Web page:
New York

John Boskovich

Laurie Rubin Gallery

In most of his works, John Boskovich groups disparate images in various media—photographs, silkscreens, found paintings, and prints—and sets them against large, solid-color backgrounds. He often places literary quotations, drawn from modern poetry, beneath or beside these images. Portrait of the Artist and his Mother, 1988, features an image of a bell, a photograph of a seated matron, a found painting of cherubs and lilies, a photograph of the artist superimposed on an aerial view of the moon, and a picture of a gloved hand wielding a pair of scissors, all underscored by a line from Rainer Maria Rilke’s “Das Marien Leben” (Life of the Virgin Mary). In some pieces, the quotations suggest themes or supply explanations for the visual groupings; elsewhere, the images convey the message of the composition. Visual and literary elements work together in the best pieces: Self-Portrait, 1988, juxtaposes photographs of a restless insomniac, a reproduction of an Andy Warhol “Marilyn,” and lines from T. S. Eliot’s Four Quartets on the torments of desire. Usually the connections are more oblique. In Untitled, 1988, a reproduction of Giorgio de Chirico’s painting of a glove (itself inexplicably entitled Song of Love) is paired with a medieval sonnet translated by Ezra Pound, another “song of love.”

These heterogeneous images belie Boskovich’s preoccupation with himself, for most of the works are self-portraits. Although the majority were executed within the past year, they reflect upon various aspects and visions of the self—a mixture testifying to a multiplicity of selves. The views tend to revolve around two main poles: Boskovich depicts himself alternately as a saint/martyr (appearing as John the Baptist and “St. John Bosco”) or as a monster (using images drawn from horror movies). Sometimes the two overlap: an image of a monster emerging from a murky pond is accompanied by a quotation from E.E. Cummings about an encounter with a Christ “made of nothing except loneliness.”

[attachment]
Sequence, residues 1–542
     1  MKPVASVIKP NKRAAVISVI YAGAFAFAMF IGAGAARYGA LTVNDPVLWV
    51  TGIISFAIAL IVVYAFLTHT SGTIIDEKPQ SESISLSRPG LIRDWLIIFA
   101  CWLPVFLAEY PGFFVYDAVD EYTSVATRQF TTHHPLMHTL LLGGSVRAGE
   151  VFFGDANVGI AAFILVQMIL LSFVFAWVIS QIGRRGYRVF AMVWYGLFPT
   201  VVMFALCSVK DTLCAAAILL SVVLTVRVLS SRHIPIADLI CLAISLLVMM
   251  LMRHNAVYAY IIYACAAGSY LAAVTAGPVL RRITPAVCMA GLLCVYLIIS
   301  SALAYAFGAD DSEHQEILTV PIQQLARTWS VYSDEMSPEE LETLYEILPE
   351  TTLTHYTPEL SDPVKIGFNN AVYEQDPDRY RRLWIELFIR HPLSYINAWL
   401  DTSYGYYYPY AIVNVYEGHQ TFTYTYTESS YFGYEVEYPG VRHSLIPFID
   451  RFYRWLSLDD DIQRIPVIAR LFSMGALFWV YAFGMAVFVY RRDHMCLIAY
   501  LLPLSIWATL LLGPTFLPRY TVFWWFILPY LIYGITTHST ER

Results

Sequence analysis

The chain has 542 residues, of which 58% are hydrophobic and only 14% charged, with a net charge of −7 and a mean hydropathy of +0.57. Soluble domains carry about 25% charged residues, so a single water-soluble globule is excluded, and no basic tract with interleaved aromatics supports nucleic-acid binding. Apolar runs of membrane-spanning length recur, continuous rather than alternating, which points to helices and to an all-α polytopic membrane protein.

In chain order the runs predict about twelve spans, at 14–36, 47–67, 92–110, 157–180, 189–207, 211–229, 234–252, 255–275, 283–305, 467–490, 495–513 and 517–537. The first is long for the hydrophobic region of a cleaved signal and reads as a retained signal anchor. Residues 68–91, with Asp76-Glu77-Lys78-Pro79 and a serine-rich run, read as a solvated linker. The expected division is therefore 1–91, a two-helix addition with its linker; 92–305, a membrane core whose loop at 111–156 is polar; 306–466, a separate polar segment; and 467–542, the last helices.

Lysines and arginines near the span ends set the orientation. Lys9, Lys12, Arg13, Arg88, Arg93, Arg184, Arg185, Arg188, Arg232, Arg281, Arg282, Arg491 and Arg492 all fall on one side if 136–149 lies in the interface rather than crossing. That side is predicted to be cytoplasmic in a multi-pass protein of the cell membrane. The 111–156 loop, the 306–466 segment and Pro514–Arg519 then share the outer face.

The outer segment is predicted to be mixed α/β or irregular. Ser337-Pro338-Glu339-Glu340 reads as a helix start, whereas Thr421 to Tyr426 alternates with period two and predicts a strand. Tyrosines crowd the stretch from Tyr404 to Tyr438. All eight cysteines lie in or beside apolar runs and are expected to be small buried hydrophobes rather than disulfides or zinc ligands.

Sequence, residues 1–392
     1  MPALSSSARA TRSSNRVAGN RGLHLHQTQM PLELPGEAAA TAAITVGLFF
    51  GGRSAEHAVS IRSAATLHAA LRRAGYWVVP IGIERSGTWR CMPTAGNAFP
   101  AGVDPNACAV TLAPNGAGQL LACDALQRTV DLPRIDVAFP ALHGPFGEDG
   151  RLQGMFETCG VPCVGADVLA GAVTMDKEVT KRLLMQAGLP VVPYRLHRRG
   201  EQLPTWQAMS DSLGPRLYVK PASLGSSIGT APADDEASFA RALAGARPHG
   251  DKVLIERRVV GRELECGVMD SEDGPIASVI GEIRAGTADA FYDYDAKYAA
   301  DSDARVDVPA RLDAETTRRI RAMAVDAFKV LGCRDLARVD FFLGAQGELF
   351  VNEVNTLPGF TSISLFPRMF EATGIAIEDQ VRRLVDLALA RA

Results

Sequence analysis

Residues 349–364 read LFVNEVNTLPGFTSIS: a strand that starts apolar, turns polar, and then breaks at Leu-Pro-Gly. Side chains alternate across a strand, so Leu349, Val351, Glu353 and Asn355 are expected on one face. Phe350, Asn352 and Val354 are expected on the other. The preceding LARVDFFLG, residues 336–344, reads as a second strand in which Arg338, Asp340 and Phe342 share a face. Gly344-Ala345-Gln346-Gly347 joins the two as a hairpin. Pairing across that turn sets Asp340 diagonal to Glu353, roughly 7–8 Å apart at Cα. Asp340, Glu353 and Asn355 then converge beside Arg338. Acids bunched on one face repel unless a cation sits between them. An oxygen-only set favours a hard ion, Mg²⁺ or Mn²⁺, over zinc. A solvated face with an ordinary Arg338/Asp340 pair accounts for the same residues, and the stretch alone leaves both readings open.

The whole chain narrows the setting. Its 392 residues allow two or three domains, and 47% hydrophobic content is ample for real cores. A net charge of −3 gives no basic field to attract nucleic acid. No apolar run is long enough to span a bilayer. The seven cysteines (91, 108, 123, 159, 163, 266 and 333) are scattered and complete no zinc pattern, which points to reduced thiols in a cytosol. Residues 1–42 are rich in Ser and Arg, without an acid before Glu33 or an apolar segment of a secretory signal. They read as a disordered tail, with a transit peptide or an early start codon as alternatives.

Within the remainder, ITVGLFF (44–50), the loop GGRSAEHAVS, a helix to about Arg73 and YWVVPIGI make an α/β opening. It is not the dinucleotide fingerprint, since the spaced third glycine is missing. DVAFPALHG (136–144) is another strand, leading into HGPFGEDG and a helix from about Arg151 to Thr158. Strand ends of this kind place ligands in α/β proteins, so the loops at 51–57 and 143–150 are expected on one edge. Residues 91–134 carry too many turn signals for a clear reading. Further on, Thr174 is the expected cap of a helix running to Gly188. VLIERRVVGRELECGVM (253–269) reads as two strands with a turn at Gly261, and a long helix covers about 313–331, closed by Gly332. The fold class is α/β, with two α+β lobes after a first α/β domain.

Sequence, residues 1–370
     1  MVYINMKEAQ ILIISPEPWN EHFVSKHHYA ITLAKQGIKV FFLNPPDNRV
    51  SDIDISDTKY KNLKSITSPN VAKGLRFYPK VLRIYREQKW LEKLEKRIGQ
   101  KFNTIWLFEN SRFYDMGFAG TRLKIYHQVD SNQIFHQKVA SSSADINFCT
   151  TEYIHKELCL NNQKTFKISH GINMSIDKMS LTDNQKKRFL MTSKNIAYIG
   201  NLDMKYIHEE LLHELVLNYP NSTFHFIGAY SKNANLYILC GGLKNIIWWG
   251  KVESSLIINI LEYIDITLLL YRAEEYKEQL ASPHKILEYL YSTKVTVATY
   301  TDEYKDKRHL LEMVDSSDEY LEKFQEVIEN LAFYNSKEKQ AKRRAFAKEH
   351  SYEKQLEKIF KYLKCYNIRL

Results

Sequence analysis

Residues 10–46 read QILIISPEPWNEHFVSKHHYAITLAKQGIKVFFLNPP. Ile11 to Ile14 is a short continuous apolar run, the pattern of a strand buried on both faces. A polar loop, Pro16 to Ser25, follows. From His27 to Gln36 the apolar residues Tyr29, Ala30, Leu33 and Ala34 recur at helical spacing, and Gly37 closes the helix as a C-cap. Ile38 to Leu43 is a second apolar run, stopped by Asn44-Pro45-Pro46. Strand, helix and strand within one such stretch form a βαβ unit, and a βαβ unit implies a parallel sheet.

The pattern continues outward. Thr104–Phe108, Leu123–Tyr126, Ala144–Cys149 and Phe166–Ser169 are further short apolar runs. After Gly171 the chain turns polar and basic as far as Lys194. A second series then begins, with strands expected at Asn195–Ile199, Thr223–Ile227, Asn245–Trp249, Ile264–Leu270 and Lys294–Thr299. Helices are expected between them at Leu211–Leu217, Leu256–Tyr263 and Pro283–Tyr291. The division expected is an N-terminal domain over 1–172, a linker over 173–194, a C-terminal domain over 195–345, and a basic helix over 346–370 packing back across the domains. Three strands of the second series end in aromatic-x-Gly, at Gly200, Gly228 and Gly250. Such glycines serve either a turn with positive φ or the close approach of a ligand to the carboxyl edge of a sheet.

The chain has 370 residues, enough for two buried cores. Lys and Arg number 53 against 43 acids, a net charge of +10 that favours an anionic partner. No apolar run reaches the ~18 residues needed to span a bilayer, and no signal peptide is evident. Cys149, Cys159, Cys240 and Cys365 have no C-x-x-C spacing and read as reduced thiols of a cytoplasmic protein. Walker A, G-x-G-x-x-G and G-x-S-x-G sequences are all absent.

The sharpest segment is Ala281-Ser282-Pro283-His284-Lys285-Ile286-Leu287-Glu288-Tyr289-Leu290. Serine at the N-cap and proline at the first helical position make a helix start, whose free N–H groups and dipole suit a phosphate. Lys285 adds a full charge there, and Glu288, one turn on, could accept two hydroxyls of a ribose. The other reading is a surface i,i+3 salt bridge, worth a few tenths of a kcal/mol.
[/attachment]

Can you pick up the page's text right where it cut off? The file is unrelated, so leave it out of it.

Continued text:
The focus of Boskovich’s introspection is desire, seen as the root of all suffering. Both saintly love and sexual passion are experienced with the consciousness of the inevitable return of loneliness. Boskovich memorializes this anguish in terms both sorrowful and comic. He sometimes adopts the High Modernist pose of artist as martyr—as the creator whose gift of love the world scorns. Yet such precious stances are tempered by a playful irony that verges on self-mockery. In one piece, an angel (actually Boskovich in pajamas) looks suspiciously like the Flying Nun; in another, the artist dons a rabbit suit. Such humor is both defensive and distancing, as is Boskovich’s penchant for using literary quotation and recycled imagery to speak for him. Boskovich’s works are best viewed together, so that their common themes and recurring images begin to echo one another, overcoming the obtuse logic of certain individual compositions. As a group, they demonstrate the ways in which Boskovich reworks his fertile materials, and the artist’s particular ability to translate visual into verbal and back again.

Lois Nesbitt